So many to choose from. In amongst the dense historical works and the fluffy photo albums, there are a few that stand out. Gratton & Band's "The Ashover Light Railway" is simply beautiful, and both Patrick Taylor's "The West Clare Railway" and Hendry & Hendry's "The Manx Northern Railway" are for me examples of how a line history should be done, perfect blends of fact and flavour. Other outstanding titles are both by L G Marshall, "Indian narrow gauge steam remembered" and "Spanish Narrow Gauge steam remembered". These are photo albums, but particularly good ones with excellent, informative captions and quality shots of fascinating subjects.

 

 

MODELLING

Lots of good stuff out there these days, but for me 3 that don't just inform but inspire are:

How to Operate your Railroad- Bruce Chubb. An American book from the 70s, this is an informative, readable step by step guide to taking a layout and turning it into a railway that functions just like the real thing.

The Living Model Railway- R P Hendry: Operations again, with a british flavour. Does exactly what it says on the tin, talking you through a layout which models not just what a railway looks like but what it 'is', using models to simulate the real thing as closely as possible.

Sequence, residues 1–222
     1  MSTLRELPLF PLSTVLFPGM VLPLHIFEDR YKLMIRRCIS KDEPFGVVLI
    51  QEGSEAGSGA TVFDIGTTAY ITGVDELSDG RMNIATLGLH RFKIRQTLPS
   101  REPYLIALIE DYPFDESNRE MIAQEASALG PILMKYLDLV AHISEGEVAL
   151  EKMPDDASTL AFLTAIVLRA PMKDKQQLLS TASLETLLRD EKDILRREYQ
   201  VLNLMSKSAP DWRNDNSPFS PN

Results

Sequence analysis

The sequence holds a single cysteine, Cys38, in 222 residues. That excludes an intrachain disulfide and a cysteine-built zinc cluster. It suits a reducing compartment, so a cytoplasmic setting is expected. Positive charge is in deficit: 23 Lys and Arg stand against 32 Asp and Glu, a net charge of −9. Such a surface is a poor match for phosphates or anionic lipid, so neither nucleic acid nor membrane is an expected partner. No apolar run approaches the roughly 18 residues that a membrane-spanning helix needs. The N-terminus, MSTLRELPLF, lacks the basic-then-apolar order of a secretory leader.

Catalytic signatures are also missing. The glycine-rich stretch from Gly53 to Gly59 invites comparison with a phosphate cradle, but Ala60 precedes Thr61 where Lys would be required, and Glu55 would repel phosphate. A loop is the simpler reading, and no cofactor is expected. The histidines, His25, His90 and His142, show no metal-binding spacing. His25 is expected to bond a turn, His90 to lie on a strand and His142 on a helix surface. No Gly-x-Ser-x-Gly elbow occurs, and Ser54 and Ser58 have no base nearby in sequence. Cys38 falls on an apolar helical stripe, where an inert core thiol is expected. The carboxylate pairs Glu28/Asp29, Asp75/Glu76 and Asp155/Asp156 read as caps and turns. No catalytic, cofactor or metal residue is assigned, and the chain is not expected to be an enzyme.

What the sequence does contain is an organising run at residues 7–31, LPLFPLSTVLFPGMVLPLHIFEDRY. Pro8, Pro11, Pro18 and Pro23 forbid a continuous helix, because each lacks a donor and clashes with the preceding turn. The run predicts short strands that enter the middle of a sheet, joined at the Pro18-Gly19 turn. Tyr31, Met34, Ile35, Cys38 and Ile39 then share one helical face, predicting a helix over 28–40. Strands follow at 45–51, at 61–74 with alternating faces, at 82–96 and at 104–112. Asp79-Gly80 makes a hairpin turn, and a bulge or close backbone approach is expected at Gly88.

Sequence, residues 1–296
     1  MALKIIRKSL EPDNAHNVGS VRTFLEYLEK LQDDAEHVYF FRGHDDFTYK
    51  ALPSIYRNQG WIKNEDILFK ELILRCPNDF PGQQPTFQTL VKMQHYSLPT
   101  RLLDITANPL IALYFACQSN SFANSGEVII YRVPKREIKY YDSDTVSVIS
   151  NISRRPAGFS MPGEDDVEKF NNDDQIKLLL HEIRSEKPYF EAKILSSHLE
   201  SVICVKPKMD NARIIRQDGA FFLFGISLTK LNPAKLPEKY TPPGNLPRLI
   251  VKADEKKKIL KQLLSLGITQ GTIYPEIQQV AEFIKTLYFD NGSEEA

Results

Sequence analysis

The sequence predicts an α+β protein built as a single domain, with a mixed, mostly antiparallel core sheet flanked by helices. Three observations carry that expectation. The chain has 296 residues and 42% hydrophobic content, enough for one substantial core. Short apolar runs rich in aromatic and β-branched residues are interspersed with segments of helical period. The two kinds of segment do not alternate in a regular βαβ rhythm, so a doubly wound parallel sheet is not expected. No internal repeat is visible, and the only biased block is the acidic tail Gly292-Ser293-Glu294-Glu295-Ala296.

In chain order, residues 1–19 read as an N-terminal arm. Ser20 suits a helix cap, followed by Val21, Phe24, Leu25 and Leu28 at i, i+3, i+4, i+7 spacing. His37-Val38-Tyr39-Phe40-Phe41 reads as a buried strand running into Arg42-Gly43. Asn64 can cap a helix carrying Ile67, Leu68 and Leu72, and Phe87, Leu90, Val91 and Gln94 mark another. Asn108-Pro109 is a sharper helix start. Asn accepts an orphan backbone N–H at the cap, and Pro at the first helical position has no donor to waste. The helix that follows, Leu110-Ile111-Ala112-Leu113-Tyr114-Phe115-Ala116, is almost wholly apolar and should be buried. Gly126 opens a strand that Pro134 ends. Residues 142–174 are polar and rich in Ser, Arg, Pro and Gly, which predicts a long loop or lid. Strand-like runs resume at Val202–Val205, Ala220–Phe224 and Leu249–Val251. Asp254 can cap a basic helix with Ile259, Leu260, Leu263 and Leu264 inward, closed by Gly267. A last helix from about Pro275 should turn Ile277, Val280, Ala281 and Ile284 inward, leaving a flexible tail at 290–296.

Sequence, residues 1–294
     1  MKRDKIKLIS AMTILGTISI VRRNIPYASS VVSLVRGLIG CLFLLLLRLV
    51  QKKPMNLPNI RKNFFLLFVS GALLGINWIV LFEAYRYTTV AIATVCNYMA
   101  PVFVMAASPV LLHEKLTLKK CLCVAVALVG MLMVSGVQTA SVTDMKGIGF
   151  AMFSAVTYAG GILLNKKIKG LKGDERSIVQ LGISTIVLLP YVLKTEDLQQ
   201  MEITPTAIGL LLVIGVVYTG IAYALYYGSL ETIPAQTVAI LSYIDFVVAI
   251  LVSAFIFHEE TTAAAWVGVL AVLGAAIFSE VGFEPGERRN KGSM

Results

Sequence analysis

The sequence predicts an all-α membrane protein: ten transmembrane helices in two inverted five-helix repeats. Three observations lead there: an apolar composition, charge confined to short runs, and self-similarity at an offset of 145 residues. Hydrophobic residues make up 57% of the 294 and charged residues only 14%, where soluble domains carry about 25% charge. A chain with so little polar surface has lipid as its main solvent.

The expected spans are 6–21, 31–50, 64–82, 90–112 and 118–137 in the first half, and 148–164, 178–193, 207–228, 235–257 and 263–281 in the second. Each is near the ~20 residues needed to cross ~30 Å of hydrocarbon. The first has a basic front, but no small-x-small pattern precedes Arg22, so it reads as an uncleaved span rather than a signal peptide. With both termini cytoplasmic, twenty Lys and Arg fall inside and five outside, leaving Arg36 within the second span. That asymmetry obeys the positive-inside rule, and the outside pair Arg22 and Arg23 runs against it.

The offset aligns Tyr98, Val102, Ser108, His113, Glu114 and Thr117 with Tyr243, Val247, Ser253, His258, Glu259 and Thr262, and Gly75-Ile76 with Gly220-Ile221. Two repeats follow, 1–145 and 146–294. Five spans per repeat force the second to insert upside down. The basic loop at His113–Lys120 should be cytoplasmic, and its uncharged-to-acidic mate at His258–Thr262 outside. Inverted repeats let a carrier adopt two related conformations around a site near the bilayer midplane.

A Garden Railway Adventure- Nick Trudgian. Pure inspiration, as the owner and creator tells the beautifully illustrated story of one of the finest garden railways in existence.

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At the risk of repeating myself from another thread, I whittled my favourites down to thirteen titles:

 

The Great Steam Trek (Durrant, Lewis, Jorgensen) - Beautiful locos, beautifully photographed in beautiful surroundings

Red Devil and Other Tales (Wardale) - For understanding how a steam locomotive can work better

Last Steam Locomotives of Eastern Europe (Ransome-Wallis) - An inspiration when there were still many to see for myself